Ever since the crash in fuel prices at the international scene, revenue from taxes has risen to the occasion as a viable alternative to meeting financial obligations across the nation. This has shifted the focus and created awareness to explore the fullness of inherent tax potentials such that it is not uncommon these days to hear of the introduction or re-introduction of taxes across sectors and states of the federation.

On the contrary, the government must now tread with caution in its quest for more tax revenue. This warning is coming from the Chartered  Institute of Taxation, Nigeria. The professional body wants the government to steer clear from introducing taxes that will do more harm than good.

In its analysis, CITN explained that introducing taxes must be done after due review and considerations of the current economic realities as specific to any industry. This is how to avoid causing more harm than good.

For the tax professionals, the government must move its focus from revenue increment and consider compliance

The stern warning was on the heels of appraising the Finance Act of 2019 and 2020 at the recently held 44th induction ceremony of the institute in Lagos under the leadership of its president, Dame Olajumoke Simplice. The Finance Acts for the stated years were brought into the spotlight for the incentives offered to cushion the effects of the difficult times as posed by the Covid-19 pandemic.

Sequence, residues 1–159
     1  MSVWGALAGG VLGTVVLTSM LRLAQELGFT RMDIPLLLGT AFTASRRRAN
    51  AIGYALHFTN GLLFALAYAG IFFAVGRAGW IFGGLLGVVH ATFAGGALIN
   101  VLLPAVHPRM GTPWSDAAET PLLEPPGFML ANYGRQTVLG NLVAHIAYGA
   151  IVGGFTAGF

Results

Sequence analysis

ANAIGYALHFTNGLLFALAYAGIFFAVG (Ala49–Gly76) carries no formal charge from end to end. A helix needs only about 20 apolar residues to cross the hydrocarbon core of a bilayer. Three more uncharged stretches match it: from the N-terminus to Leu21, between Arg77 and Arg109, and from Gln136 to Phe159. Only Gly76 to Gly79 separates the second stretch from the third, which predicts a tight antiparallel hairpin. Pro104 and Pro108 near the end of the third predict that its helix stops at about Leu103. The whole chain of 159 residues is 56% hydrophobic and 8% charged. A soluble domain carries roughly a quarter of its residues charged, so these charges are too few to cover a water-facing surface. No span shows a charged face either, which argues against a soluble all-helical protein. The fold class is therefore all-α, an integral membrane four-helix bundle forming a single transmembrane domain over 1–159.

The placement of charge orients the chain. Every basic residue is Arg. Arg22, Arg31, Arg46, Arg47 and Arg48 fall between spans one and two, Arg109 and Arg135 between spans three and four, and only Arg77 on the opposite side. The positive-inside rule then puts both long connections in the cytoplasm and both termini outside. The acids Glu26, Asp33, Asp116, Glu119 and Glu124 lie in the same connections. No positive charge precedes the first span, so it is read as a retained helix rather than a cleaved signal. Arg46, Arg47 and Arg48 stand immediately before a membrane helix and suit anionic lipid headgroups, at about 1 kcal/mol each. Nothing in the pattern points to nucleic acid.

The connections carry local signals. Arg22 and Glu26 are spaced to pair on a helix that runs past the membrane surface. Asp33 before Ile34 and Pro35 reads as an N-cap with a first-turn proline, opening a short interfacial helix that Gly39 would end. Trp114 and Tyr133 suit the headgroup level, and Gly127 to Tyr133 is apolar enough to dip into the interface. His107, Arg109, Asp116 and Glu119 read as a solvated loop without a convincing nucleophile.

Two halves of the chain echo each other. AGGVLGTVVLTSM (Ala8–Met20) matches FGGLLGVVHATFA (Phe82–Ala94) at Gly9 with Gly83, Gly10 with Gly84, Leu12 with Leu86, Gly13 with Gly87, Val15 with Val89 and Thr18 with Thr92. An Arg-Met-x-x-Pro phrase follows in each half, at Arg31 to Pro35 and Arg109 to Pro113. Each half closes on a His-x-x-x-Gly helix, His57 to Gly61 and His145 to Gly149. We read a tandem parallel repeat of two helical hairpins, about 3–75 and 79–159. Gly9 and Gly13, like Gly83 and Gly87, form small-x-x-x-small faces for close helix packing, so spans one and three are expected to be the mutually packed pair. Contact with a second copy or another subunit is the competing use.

On how to generally improve the tax regime, the symposium offered the solution of adding simplicity to the system to foster easy enforcement and in the long long, compliance.

To bridge the gap of technical know-how in tax administration in the country, the need to place professionalism at the forefront was emphasized to the inductees which became the highlights of the charge to the administration and administrators.

Dame Olajumoke Simplice’s charge

 “At the governmental level, it is important that tax policy initiatives and reviews in tax laws are well thought out and followed through.

“We have consciously seen government’s efforts in the amendment of our tax laws through the Finance Act, 2019 followed by the Finance Act, 2020.

“Government must avoid the propensity to introduce earmarked taxes to raise revenues while neglecting the impact that such action would have on businesses and economic activities.

“The thinking of Section 2.2.6 of the Revised National Tax Policy 2017 is that our ‘taxes should be few in number, broad-based and high revenue yielding.

 “We will benefit from your active involvement in all institute’s activities as this is one of the ways you can contribute your quota to the growth and development of the institute.

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